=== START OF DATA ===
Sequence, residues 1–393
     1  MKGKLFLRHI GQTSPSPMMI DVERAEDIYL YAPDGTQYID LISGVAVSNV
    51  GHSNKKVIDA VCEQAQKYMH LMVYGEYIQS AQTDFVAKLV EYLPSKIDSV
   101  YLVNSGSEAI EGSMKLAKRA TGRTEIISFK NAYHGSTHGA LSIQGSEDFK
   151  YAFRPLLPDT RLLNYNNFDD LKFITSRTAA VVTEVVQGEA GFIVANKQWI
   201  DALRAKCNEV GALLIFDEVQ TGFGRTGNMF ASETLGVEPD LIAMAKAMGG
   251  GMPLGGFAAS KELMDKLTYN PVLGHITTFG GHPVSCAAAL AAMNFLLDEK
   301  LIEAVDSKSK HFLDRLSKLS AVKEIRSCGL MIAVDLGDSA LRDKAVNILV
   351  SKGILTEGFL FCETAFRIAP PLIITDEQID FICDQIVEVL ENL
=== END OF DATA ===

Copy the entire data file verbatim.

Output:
Sequence, residues 1–393
     1  MKGKLFLRHI GQTSPSPMMI DVERAEDIYL YAPDGTQYID LISGVAVSNV
    51  GHSNKKVIDA VCEQAQKYMH LMVYGEYIQS AQTDFVAKLV EYLPSKIDSV
   101  YLVNSGSEAI EGSMKLAKRA TGRTEIISFK NAYHGSTHGA LSIQGSEDFK
   151  YAFRPLLPDT RLLNYNNFDD LKFITSRTAA VVTEVVQGEA GFIVANKQWI
   201  DALRAKCNEV GALLIFDEVQ TGFGRTGNMF ASETLGVEPD LIAMAKAMGG
   251  GMPLGGFAAS KELMDKLTYN PVLGHITTFG GHPVSCAAAL AAMNFLLDEK
   301  LIEAVDSKSK HFLDRLSKLS AVKEIRSCGL MIAVDLGDSA LRDKAVNILV
   351  SKGILTEGFL FCETAFRIAP PLIITDEQID FICDQIVEVL ENL